However, judges and prosecutors were arrested without any evidence. When this decision is evaluated together with the ECtHR’s decision on Altan, Baş, Tercan and the newly finalized Akgün, the Bylock claim, which was added to the file of some people later on, will not change the unfairness of the arrests.
All the applicants naturally applied to the ECtHR after exhausting all domestic remedies, including the Constitutional Court (AYM). Due to the superficial inadmissibility decisions made by the Constitutional Court, the chance of solving the problem in domestic law has been lost. With this decision, the AYM, whose role as an effective remedy in terms of the Convention has become even more questionable, should align its case-laws with the ECtHR, otherwise the ECtHR should consider re-evaluating the position of the Constitutional Court as an effective remedy
Unjust arrests determined by this decision can be evaluated within the scope of “execution of a certain plan”, which is an element of the “crime against humanity” in Article 77 of the Turkish Penal Code as the decision can be interpreted as systematic and collective detentions by the international judicial body. On the morning of the coup attempt, even the judges and prosecutors working in the most remote corners of Turkey were detained on the pretext of the coup. Even though it was known that they had nothing to do with the incident, those on the lists based on filing were arrested, disregarding national and international law.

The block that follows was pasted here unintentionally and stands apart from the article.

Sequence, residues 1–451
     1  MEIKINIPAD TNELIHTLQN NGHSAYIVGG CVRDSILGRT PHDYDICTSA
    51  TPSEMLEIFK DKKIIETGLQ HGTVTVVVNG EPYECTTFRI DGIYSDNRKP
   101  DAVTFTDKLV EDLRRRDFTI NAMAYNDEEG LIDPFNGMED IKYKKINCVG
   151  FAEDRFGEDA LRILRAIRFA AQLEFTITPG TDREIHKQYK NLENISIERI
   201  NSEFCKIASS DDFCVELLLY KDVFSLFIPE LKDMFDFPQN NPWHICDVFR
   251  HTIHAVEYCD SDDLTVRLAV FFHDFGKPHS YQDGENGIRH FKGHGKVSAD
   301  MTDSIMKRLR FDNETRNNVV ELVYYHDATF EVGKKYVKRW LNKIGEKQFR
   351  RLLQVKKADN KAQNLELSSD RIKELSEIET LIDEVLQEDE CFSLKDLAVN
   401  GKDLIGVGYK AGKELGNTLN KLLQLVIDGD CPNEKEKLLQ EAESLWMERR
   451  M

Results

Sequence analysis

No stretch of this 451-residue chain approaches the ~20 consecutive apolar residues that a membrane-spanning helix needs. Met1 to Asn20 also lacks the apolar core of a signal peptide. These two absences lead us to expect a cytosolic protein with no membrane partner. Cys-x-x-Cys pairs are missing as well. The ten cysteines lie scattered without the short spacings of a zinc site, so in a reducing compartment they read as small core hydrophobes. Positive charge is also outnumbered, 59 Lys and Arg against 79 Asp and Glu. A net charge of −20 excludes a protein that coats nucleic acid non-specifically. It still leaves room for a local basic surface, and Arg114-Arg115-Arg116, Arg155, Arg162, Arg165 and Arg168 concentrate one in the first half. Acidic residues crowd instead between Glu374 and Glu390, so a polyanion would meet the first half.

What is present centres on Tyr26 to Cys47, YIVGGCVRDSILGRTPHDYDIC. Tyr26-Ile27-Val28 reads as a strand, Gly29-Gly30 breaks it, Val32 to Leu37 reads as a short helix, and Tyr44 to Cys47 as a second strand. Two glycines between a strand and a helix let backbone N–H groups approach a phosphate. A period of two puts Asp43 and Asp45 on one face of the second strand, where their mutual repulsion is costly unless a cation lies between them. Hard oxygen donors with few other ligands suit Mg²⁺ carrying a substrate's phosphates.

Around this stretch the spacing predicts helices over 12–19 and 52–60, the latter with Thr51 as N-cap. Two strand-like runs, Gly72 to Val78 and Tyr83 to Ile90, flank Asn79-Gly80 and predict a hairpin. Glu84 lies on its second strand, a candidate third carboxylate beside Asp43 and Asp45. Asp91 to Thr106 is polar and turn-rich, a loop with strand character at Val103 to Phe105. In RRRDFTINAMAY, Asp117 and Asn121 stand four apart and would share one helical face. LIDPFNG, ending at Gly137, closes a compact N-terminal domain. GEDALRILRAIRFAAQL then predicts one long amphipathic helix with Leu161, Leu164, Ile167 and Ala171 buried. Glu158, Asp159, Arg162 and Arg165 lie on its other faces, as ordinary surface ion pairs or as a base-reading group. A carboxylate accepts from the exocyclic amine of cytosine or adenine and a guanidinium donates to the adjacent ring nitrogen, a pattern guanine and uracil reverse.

In view of the above despite the role of the judgment as a good start it is far from being neither “just” nor “satisfactory” referring to its role as providing just satisfaction. The ECtHR made a terrible choice by fulfilling its historical duty to ensure the Rule of Law prevails in the states party to the Convention and the personal comfort of its staff in the Turkish Division. So there no further to say except for “the history itself will judge the ECtHR” for this very choice.